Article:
“I’m going to hit you.” “I’m going to run. I don’t want to be at school.”
Morning drop-off at the door to their preschool classroom had gone well for weeks. Weeks and weeks. But today was different. I had asked him to please not tease his brother on the way in. Was that it?
I made do. I stayed calm. We talked about what we were doing after school.
“I’m worried about you. What’s wrong? Are you mad about something? Are you sad about something?”
The blank look in his eyes told me we weren’t going to get to discuss it right away. He dragged his feet into the classroom.
Back in the van, it hit me. He was worried about whether or not I’d be home after school. Stressed about whether or not I’d be home. Where I would be. He was in fight (“I’m going to hit you.”) and flight (“I’m going to run.) mode.
I had been gone the day before from before he got home from school until right before bedtime. All had been calm when I came home. I got the hugs, and bedtime went smoothly. Even in the morning, we were good: “Mom, I like you pretty hair!”
But that interaction at the door. That was my reminder: He still doesn’t know for sure I’ll come home. He still needs the routine of mama being at the back door to let him in. This is still very new for him.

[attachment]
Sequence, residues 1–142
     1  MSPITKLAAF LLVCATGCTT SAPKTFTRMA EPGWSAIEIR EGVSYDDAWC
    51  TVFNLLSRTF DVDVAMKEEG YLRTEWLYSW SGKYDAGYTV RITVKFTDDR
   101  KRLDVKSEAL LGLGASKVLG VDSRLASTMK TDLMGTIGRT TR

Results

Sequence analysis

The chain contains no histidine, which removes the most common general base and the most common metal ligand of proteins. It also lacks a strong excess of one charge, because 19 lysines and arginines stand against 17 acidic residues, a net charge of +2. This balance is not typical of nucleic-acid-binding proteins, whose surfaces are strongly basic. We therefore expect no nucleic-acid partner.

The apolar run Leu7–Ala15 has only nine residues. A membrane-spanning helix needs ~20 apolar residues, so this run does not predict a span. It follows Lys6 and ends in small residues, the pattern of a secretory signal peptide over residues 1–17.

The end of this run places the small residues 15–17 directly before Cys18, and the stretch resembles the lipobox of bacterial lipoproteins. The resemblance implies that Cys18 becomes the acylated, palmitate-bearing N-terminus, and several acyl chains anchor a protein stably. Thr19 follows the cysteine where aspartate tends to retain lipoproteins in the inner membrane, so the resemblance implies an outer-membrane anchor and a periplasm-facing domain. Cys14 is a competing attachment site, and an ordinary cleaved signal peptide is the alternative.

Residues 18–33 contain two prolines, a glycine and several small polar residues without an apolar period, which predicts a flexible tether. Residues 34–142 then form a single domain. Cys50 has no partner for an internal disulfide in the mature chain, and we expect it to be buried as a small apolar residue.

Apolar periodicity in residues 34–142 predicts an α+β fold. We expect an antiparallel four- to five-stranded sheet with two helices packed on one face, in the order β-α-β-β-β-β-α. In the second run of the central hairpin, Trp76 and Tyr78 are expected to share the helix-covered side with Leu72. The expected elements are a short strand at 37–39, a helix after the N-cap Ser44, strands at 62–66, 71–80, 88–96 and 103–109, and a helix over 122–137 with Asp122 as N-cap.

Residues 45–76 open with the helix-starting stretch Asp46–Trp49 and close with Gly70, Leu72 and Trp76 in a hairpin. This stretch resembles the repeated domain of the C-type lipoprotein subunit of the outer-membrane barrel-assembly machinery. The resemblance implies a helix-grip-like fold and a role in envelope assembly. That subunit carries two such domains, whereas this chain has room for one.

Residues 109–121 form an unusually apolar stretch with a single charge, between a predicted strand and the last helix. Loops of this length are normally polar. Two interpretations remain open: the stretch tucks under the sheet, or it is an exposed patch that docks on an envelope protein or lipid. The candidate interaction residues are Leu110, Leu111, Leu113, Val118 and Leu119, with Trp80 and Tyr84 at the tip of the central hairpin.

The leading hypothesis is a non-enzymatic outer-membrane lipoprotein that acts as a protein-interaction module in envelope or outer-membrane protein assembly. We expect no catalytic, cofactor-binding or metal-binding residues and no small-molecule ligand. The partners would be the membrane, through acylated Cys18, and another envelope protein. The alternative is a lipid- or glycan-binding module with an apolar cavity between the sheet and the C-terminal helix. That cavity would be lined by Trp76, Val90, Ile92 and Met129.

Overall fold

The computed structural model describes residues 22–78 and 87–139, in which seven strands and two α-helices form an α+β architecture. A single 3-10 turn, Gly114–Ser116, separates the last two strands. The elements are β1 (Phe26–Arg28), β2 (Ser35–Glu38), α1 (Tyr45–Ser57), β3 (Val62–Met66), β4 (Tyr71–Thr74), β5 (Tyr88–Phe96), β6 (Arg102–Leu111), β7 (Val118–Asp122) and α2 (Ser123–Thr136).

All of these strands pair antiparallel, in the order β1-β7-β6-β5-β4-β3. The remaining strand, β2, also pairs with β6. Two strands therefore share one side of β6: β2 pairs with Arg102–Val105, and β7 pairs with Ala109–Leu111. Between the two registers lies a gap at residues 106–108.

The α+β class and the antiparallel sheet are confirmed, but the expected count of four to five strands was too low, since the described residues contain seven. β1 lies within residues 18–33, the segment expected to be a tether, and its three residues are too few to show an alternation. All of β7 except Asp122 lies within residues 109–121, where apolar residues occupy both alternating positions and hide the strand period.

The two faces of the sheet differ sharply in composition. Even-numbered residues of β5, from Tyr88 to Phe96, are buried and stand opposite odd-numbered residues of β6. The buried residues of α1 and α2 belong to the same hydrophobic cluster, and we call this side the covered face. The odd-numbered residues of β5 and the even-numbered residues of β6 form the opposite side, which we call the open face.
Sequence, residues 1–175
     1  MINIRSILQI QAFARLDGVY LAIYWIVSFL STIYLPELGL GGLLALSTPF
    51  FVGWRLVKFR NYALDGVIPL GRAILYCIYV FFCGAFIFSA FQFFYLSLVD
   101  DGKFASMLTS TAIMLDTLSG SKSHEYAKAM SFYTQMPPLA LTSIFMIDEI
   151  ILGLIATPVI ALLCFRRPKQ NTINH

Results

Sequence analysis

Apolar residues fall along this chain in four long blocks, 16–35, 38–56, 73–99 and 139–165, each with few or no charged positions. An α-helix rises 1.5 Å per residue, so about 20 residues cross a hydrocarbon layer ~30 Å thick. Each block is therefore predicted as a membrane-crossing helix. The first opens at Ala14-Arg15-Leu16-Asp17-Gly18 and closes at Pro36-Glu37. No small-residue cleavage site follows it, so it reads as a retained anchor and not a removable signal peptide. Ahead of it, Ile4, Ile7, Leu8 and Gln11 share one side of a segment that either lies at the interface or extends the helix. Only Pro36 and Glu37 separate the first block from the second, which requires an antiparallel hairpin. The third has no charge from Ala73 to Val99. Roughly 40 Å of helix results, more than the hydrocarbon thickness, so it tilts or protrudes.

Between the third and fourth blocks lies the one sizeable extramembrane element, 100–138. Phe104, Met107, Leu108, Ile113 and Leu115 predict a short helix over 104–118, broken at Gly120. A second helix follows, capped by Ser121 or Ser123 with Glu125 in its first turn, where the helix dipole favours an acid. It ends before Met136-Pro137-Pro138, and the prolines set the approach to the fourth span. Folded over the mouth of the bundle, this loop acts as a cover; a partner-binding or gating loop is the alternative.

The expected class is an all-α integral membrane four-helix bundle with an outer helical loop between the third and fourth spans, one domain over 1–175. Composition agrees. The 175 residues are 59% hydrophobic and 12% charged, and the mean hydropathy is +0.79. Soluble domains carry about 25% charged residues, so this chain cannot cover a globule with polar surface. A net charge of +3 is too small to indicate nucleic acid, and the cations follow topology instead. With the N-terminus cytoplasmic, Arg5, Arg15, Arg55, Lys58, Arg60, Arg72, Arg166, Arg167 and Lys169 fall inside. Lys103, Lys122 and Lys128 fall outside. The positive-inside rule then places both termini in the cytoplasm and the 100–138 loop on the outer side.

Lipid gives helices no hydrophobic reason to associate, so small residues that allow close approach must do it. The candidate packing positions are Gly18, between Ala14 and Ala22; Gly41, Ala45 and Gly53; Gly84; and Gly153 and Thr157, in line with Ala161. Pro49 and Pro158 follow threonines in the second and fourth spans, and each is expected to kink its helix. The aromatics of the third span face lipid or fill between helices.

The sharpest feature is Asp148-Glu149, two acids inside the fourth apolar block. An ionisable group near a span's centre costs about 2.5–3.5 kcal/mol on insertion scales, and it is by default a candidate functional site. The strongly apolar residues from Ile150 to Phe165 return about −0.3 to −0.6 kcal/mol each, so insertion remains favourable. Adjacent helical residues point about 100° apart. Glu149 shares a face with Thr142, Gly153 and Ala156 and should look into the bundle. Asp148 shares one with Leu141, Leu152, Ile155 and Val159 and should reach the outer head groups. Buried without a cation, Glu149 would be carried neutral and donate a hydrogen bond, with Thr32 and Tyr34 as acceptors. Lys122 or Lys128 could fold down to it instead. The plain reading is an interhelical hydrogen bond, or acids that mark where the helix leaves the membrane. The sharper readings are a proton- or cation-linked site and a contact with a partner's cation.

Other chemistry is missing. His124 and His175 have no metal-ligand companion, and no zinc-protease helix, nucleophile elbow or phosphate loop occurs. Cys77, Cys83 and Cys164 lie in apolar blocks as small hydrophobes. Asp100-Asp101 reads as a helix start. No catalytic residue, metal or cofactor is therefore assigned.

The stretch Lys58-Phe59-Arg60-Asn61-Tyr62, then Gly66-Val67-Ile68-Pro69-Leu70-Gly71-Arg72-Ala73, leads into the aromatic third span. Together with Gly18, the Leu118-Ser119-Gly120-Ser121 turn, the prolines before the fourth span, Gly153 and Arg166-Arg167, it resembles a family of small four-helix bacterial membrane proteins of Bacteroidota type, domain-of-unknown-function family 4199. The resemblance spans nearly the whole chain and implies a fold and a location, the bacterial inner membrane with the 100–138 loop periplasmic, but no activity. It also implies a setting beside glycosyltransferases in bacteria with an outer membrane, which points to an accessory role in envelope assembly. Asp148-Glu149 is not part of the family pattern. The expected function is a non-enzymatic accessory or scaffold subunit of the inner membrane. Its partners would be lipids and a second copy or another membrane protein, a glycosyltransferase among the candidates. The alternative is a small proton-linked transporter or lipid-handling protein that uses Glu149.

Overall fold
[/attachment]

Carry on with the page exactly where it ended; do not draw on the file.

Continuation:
And still very new for me. I still get lost in a mess of my kids’ actions and words. I hear, “I don’t like you! I don’t want to!” and I still forget to consider what the deeper unmet need could be.
And it’s hard to not focus on the behavior. It’s hard to slow down, way down, to search for the triggers. To search for the background info we need to draw conclusions about why this narrative has suddenly shifted into anger at the classroom door. (Don’t forget sad often looks like mad.)
So, we ask ourselves again and again:
What is different about today?
Could he be hungry or tired?
Are my expectations simply too high?
Is his sensory system overloaded?
What’s getting in his way of doing the next thing?
How can I make him feel safe and connected right now?